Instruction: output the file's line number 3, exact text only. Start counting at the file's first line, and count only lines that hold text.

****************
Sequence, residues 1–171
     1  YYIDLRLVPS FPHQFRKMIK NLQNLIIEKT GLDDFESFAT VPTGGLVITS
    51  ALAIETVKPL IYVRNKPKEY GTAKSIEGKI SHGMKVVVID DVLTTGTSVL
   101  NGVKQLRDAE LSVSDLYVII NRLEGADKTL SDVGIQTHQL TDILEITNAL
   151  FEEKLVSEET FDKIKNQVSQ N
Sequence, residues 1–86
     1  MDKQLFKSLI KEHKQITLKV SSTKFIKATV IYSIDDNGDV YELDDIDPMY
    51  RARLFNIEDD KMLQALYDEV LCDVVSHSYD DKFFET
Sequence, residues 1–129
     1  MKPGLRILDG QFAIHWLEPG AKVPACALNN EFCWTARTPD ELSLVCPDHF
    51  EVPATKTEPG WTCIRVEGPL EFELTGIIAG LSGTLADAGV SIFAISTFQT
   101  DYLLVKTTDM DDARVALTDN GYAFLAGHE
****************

    51  ALAIETVKPL IYVRNKPKEY GTAKSIEGKI SHGMKVVVID DVLTTGTSVL